Unique mould:    Ashleigh Christelis’s #365 bowls was a process as much as an exhibition.     Supplied
Unique mould: Ashleigh Christelis’s #365 bowls was a process as much as an exhibition. Supplied

A pile of ceramic shards — bits of broken bowls — lies at the entrance to Ashleigh Christelis’s studio in Morningside, Johannesburg.

It’s an art installation and represents the hope and despair the ceramic artist, who lives with bipolar 2 disorder, experienced during 2016 as she set out to create #365 bowls: an exhibition of emotion.

It was her intention to track her mental wellbeing through clay by making a bowl a day for an exhibition held last month. The latter was such a success that few bowls were left unsold.

However, the process of making them had its ups and downs – a reflection of the essence of bipolar.

"Some days I open my eyes in the early morning and dread the fact I am alive," says Christelis. "On other days, I open my eyes and excitement fills my being at the thought of another creative day."

It was in that clinic that i realised what a beautiful life I had. I determined to live my life. Only you can make that decision

She describes bipolar as the "gift of feeling deeply the opposite ends of extreme emotions".

As 2016 progressed, so life intervened and interrupted her steady bowl-making progress.

Her eldest son, in matric, was hospitalised with viral encephalitis. Furthermore, after seven years in remission, Christelis’s rheumatoid arthritis made a painful return, particularly in her fingers.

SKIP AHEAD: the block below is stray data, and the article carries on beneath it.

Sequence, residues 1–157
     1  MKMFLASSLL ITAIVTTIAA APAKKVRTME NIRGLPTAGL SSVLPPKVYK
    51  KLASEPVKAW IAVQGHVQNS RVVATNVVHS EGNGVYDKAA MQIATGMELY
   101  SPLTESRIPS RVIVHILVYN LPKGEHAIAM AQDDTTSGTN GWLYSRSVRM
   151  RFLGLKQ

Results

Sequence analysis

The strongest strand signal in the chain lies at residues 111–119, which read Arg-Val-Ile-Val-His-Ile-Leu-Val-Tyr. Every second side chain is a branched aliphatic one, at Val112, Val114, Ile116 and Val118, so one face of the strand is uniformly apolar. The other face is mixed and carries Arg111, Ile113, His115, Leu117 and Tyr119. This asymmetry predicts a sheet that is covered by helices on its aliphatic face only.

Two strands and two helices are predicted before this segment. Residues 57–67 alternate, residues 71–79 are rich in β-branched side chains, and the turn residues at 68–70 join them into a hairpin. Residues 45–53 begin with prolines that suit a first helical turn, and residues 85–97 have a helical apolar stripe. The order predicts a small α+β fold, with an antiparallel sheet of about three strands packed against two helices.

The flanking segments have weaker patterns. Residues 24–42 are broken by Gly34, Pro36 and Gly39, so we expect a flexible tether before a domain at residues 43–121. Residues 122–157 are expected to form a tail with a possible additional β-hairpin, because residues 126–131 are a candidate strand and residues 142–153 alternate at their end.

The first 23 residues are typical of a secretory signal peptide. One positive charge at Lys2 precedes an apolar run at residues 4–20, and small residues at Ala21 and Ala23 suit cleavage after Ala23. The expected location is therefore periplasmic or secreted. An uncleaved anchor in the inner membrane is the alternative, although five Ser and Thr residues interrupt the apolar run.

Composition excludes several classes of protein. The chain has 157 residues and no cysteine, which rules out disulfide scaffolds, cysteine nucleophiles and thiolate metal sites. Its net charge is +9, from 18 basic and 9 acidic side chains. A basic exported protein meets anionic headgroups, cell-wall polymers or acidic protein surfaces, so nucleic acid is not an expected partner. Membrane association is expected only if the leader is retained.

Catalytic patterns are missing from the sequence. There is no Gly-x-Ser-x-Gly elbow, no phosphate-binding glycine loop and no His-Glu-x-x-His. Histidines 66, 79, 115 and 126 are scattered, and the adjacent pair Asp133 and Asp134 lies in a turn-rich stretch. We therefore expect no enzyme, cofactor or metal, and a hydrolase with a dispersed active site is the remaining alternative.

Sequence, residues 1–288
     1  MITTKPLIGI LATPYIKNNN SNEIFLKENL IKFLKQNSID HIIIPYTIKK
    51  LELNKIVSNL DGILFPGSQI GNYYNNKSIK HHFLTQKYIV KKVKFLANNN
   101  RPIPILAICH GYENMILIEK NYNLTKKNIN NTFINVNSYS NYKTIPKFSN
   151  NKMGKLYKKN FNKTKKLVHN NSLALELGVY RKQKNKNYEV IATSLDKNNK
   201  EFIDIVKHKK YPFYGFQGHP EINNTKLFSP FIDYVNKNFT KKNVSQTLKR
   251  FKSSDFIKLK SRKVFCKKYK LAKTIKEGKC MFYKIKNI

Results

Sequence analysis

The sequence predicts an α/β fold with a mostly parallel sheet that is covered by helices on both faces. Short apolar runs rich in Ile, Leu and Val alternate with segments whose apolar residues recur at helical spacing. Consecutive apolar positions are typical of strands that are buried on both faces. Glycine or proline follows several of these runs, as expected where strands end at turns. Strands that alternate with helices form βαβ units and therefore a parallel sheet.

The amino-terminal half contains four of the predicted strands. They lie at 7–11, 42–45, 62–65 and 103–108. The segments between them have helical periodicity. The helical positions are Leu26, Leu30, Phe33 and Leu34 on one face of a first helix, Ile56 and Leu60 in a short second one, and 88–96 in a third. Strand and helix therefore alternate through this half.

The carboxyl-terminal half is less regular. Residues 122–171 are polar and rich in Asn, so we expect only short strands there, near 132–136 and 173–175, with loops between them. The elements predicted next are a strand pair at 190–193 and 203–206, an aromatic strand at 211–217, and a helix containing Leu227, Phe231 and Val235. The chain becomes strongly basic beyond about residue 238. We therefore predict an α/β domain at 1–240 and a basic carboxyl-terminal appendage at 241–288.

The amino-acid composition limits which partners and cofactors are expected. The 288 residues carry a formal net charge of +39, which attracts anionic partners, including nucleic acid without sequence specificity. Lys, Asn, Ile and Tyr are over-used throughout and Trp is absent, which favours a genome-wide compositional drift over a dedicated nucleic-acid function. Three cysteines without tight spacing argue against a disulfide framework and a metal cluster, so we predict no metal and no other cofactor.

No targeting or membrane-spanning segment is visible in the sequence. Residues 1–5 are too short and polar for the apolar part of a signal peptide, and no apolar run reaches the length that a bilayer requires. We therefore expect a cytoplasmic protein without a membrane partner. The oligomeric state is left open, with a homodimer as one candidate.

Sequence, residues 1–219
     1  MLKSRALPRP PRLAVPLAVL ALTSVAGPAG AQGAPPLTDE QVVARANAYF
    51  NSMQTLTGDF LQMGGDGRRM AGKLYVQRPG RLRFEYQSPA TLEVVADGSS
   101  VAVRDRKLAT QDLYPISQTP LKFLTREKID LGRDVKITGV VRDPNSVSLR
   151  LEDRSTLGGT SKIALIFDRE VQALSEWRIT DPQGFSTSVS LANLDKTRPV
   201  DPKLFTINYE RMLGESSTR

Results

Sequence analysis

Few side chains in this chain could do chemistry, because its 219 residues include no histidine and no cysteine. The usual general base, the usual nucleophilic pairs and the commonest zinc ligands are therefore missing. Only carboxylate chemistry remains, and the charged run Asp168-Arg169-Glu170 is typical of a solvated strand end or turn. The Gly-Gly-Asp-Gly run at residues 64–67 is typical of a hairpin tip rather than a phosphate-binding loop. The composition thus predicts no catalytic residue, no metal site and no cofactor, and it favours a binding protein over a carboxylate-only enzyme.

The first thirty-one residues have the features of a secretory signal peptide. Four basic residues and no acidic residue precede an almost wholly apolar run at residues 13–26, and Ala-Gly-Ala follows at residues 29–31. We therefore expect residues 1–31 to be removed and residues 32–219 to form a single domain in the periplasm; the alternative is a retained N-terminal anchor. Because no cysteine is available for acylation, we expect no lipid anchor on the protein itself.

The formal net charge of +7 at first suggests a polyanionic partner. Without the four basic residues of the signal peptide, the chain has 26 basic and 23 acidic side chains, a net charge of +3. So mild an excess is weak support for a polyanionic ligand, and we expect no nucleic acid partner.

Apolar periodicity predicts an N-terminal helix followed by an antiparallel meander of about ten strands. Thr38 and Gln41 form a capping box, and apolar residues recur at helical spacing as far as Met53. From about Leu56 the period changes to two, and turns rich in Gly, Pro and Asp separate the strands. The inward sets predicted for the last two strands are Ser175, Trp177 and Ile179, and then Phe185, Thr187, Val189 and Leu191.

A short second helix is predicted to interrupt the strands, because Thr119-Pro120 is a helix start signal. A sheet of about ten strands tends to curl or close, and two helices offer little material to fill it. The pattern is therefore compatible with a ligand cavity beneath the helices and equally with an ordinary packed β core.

As she fell behind in her schedule, thoughts of abandoning it overwhelmed her.

This is not surprising, as bipolar disorder causes unusual shifts in mood, energy, activity levels and the ability to carry out day-to-day tasks, according to the American National Institute of Mental Health.

"It is a scary condition," says Christelis, who has frequently been hospitalised for it during her 45-year lifetime.

"The thing about a manic episode is that you don’t feel safe with yourself. You feel you are standing on the tip of a precipice with nothing around you."

The well-known ceramic artist, whose studio is in the leafy Ernest Ullmann centre, has not been hospitalised for three years. It’s clear she regards this as a milestone in a life characterised by "tragic moments and hard lessons".

Her #365 bowls ranged from porcelain, thin as a leaf with exquisite patterns and varying shades of green, to plain white bowls with messages inscribed inside them. "I am silly: I am glitter: I am brilliant: I am deep," read some of them.

The rapidity with which they were snapped up not only pays testament to Christelis’s artistry but also to her bravery in confronting, and talking about, her bipolar disorder.

She wears that on her sleeve, in a manner of speaking, as a semicolon tattooed on her arm. Project Semicolon was started in the US a few years ago to encourage people to keep battling depression, self-harm and other mental issues.